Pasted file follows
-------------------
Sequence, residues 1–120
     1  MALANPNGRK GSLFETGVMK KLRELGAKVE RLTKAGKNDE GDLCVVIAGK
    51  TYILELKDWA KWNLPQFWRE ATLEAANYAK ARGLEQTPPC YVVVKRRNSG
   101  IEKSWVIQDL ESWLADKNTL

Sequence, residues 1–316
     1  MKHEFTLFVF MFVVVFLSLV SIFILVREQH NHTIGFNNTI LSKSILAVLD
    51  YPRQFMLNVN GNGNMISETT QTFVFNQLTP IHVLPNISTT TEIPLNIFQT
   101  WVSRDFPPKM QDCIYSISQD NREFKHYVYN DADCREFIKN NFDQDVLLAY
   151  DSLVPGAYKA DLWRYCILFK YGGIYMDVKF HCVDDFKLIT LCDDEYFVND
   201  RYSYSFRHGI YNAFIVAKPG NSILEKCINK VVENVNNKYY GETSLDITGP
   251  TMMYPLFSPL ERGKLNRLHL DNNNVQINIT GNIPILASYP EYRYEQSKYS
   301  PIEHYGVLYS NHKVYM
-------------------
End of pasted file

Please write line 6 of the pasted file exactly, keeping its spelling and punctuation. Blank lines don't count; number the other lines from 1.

     1  MKHEFTLFVF MFVVVFLSLV SIFILVREQH NHTIGFNNTI LSKSILAVLD